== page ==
It's the start of a new WeBS year and the start of the most exciting time in the birding calendar - autumn migration. We have had a few good things through already, with the 24 blackwits being a highlight from last week. I completed the monthly WeBS this morning, with results as follows....
15 tufted duck
22 mute swan - plus 8 cygnets on site doing well
25 Canada goose
2 shelduck - brood of 8 young on site doing well
5 great crested grebe - still notably no young this year so far
7 little egret
4 grey heron
113 lapwing - good to see large numbers of lapwing on site
5 green sandpiper
1 little ringed plover
1 common sandpiper - a nice passage species, viewable from the eastern Cromwell Trail
1 black-tailed godwit - another individual passing through, viewable from the eastern Cromwell Trail and Beach Hut
105 black-headed gull
4 lesser black-backed gull
11 common tern
Many of the ducks are now in eclipse, moulting out their flight feathers. Now is also the time to look out for yellow-legged gulls. This species appears at Langford usually in June/July - look south from the new viewing screen with the flock of lesser black-backs and black-heads.
Some of the earlier flowering plants in the Phase 1 grasslands are going over, but there is still plenty of black knapweed in flower, which always proves popular with a wide variety of insects. Look out for six-spot and narrow-bordered five-spot burnet moths, silver Y moths, bumblebees, hoverflies including Episyrphus balteatus (the marmalade fly) and butterflies nectaring.
The Diptera (True Flies) are a fascinating group of insects, yet unfortunately not a group that I get much time to look at in detail. However, thanks to entomologist Richard Davidson, we have had some very interesting records recently.
The first and one of the most interesting is Melieria omissa. This is a picture-winged fly (Ulididae), named after their patterned wings. The species has been recorded previously on the Lincolnshire coast and on the Humber, but to our knowledge, not this far down the Trent. They are associated with wet vegetation, the females laying their eggs in the stems of waterside plants.
Prosena siberita is a member of the Tachinidae - they parasitize beetles of the Scarabaeidae (such as the garden chafer, of which we have a healthy population here). The nearest known records of this species are from west Norfolk.
Phaonia cincta is a Muscid fly, whose larva live in rot holes in trees. The nearest known records of this species to Langford are from Cambridgeshire.
Oplodontha viridula is a soldier fly of the Family Stratiomyidae. They are a stunning little insect, with bright lime green colouration on the abdomen. They are associated with wetlands, often to be found in reedbeds - great to know we are attracting yet more reedbed species.
And finally, a Dolichopodid fly Neurigona quadrifasciata - yet another (to our knowledge), first for Nottinghamshire.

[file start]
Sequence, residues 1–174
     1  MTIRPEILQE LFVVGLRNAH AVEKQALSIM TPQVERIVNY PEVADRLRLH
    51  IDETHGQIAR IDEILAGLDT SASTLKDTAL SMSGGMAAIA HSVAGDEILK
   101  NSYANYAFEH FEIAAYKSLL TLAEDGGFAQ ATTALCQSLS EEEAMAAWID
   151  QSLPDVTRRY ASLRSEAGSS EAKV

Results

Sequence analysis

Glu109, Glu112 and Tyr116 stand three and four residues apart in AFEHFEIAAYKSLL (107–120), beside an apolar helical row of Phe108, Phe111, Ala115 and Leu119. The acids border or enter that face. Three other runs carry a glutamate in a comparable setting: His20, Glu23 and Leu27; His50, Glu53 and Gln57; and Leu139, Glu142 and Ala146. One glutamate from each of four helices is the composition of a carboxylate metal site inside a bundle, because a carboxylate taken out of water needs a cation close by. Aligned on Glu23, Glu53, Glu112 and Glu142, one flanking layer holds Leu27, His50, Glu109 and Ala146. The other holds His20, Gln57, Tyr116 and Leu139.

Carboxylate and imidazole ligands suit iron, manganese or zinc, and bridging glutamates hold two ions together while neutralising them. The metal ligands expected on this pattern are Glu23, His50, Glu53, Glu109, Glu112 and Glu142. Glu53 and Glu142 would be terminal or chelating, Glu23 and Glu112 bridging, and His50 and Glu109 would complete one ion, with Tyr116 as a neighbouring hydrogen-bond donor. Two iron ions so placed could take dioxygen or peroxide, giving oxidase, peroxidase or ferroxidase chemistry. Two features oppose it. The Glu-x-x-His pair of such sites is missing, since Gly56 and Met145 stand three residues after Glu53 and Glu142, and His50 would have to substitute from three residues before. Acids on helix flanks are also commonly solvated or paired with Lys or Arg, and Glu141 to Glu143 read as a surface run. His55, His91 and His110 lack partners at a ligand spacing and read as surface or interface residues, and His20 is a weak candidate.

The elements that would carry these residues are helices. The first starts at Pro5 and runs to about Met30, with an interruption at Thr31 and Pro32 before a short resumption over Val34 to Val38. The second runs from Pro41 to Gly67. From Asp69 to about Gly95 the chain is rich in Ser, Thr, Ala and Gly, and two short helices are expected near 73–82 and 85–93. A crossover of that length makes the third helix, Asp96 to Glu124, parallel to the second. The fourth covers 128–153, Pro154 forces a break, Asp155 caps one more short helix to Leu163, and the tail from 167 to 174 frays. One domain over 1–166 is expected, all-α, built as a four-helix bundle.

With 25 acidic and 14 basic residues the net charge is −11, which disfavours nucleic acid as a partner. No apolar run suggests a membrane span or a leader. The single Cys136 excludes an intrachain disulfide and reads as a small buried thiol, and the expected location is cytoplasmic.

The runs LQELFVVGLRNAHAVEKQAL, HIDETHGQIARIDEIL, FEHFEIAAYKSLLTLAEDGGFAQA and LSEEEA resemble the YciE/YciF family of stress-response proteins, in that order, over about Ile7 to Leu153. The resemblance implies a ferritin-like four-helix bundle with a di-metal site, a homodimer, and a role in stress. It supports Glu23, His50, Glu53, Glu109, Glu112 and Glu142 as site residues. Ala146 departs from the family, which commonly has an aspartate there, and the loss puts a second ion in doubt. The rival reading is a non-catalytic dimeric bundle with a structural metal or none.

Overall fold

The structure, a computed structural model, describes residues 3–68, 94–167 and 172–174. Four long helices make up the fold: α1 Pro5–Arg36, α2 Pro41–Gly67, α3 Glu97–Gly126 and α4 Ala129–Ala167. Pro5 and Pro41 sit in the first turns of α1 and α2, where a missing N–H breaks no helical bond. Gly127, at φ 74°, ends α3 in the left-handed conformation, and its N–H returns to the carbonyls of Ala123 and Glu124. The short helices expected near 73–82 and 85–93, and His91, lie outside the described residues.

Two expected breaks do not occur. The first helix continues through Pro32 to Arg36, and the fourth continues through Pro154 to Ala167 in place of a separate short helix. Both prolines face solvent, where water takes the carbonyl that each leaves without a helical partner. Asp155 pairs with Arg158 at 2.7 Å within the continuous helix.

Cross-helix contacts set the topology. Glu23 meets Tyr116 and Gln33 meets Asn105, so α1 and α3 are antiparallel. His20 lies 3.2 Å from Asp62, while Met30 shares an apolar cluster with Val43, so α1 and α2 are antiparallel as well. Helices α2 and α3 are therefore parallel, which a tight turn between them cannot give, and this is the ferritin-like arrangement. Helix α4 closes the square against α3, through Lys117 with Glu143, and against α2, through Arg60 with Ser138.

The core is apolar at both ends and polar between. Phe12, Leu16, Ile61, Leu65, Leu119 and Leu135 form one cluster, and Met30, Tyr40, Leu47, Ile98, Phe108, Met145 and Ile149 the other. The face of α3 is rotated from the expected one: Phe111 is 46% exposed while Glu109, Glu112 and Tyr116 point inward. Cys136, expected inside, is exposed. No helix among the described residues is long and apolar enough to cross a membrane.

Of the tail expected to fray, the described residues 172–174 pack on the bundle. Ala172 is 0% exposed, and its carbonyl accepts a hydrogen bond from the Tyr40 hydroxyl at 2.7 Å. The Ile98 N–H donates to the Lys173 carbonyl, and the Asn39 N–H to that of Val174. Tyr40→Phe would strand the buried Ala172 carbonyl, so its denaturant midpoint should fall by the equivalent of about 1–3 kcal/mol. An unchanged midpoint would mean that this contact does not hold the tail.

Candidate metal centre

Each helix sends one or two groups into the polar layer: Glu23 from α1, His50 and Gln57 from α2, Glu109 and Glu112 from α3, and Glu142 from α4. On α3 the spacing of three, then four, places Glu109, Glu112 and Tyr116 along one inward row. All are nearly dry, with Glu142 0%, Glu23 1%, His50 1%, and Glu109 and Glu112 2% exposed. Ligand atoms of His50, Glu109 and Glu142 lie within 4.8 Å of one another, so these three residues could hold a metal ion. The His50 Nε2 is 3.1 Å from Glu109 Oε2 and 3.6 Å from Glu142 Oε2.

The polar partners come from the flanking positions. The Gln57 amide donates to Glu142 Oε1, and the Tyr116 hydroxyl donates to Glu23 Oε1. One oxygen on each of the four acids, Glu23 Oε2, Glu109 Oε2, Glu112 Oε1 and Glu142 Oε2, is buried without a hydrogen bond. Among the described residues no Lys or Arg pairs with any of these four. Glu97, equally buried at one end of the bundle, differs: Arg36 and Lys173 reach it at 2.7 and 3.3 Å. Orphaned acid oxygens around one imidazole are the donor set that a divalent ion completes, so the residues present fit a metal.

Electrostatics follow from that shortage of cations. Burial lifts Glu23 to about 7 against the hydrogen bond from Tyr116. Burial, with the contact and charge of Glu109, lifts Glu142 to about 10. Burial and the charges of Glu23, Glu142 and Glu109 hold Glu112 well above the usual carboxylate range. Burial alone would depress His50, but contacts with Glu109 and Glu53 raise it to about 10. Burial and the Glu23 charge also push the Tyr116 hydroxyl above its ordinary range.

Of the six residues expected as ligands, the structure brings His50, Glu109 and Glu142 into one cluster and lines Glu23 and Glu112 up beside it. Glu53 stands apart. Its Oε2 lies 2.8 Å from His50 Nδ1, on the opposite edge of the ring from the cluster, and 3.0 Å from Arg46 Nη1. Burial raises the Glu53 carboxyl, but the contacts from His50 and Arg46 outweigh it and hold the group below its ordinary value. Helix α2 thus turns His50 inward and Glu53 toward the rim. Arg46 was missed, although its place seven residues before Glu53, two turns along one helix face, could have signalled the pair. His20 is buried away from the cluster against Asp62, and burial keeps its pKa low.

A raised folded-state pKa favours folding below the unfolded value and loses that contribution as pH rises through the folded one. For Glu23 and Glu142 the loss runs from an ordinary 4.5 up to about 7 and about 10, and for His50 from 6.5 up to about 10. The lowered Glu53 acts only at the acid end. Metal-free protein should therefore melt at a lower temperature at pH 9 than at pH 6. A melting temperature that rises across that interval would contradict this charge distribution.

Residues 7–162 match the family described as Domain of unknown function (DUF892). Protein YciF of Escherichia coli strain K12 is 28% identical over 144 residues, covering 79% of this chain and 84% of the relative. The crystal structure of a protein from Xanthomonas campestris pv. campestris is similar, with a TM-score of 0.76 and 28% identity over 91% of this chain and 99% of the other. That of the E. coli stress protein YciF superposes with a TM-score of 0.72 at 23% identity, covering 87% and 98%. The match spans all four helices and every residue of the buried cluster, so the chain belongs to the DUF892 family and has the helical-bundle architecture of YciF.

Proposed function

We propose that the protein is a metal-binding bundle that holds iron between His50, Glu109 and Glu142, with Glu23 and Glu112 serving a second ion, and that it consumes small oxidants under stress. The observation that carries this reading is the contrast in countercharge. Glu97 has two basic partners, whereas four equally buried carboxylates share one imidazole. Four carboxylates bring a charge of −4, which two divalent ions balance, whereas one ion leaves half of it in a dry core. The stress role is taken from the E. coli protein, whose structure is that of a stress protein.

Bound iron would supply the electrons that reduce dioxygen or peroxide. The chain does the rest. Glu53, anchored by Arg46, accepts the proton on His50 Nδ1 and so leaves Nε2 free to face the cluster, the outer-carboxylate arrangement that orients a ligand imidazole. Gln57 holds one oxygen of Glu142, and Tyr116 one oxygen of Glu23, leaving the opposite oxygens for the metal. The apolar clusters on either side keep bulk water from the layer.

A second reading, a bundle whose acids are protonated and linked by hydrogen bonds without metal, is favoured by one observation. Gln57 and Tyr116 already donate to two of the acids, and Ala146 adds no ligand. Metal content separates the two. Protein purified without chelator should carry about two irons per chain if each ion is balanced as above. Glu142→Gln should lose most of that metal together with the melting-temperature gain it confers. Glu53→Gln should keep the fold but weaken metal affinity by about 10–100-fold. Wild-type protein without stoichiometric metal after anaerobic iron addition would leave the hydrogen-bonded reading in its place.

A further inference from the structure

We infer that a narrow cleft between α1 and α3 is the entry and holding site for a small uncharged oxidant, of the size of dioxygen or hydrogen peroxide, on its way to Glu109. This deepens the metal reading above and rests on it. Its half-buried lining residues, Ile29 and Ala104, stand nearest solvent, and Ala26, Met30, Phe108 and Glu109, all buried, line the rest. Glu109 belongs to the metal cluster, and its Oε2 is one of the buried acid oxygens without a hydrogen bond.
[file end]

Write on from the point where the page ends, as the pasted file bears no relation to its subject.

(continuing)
Many thanks to Richard for all his efforts - keep them coming!
We have undeniably had one of the best springs for waders on site in recent years, after a string of good sightings including little stint, spotted redshank, ruff and the star of the show - our red-necked phalarope. However, it now looks like the autumn may be off to a good start as well, with a black-tailed bonanza on site this week.
On Tuesday, I was treated to a fabulous view of 19 black-tailed godwits down on Phase 3, all still in breeding plumage. And what a stunning bird they are too, with their orange colouration, contrasting with the black and white of the upperwings and rump and tail area and the yellow base to the bill. There was also however, a bird on Phase 1, viewable from the southern edge of the Cromwell Trail, looking north onto the large island. Later that evening, our Conservation Officer Carl Cornish had 24 in the same area, improving on my total by 4. The birds were still around the next day too, with a flock of 10 seen by volunteer Stuart Carlton and then 17 over the visitor trails that evening, again reported by Carl.
This is certainly the highest number of blackwits I've ever known on site - a joy to see such lovely birds!
Also in the last week, we are very pleased to announce the success of breeding avocet on site. 4 young have now fledged and are moving around the site with their parents. Keep an eye open for them looking south from the new viewing screen. This is only the second ever successful avocet breeding on site, the first being in 2011.
And the waders don't stop there either - there were a whopping 7 green sandpipers across the site earlier this week (again, the highest number I've ever known here) and last week's wood sandpiper was still hanging around on Sunday, delighting visitors at the viewing screen.
Here's to the rest of the autumn!
Not our bonanza, but it looked very much like this! Gordon Langsbury (rspb-images.com)
Avocet - a pleasure to have these successfully breed on site. Chris Gomersall (rspb-images.com)